October 2018 Stock Market Volatility
The domestic markets have slightly pulled back from their high after a two day drop which we haven’t seen in months. Observers of markets continue to see spectacular earnings growth which has been close to 20% for the year. In fact, this growth has caused price to earnings (P/E) ratios to compress from high levels to start the year, to moderately expensive levels today. However, the strong earnings numbers have been offset with uncertainty around trade talks and increasing interest rates.
To date, we have witnessed two dips and a moderate correction (a correction is characterized as a drop of 10% from the peak). However, despite the volatility, the S&P 500 is up over 7% for the year. Going back to 1928, it is actually “normal” for the market to experience 3 dips (5% or more) on average per year. Last year was quite an aberration with none, causing many investors to become complacent during what is now the longest bull market in history.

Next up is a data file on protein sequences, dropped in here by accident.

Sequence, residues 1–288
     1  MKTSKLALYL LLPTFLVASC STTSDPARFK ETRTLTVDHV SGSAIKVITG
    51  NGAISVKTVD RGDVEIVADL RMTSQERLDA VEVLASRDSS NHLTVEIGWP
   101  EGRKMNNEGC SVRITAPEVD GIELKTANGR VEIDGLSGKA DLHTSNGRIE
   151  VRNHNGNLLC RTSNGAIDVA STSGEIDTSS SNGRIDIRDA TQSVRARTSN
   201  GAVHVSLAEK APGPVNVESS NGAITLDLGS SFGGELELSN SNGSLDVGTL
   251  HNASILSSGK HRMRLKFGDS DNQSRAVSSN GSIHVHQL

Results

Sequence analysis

Overall, the domestic economy has been flourishing in 2018 with solid fundamentals. Consumer confidence hit its highest level since year 2000, small business optimism is near all-time highs, and consumer spending has been rising. In addition to all of this, unemployment is at levels we haven’t seen for over 60 years.
Despite the favorable data, stocks have been volatile. Volatility has dominated over the last couple of days for two primary reasons. First, the US Federal reserve has continued to increase their short-term interest rates, and two, the trade war has continued to intensify, causing concern about future earnings. Inflation has been running right at the FED’s targeted level of 2% for the past few quarters. With the US economy running hot, the FED will continue to increase interest rates (as they have been doing since late 2015) to keep inflation at bay. Secondly, trade talks continue to be intensified between the US and China and we have seen further retaliations from both sides.
There are no indications that a US recession is imminent. Having said that, pressures continue to rise in the US stock market. Price to earnings ratios in the US continue to be elevated, interest rates are being increased, and the market will be more susceptible to shocks. In our view, because of the solid economic fundamentals in the United States, this pullback in early October isn’t “The beginning of the end”, but to be viewed as a buying opportunity for those entering the stock market.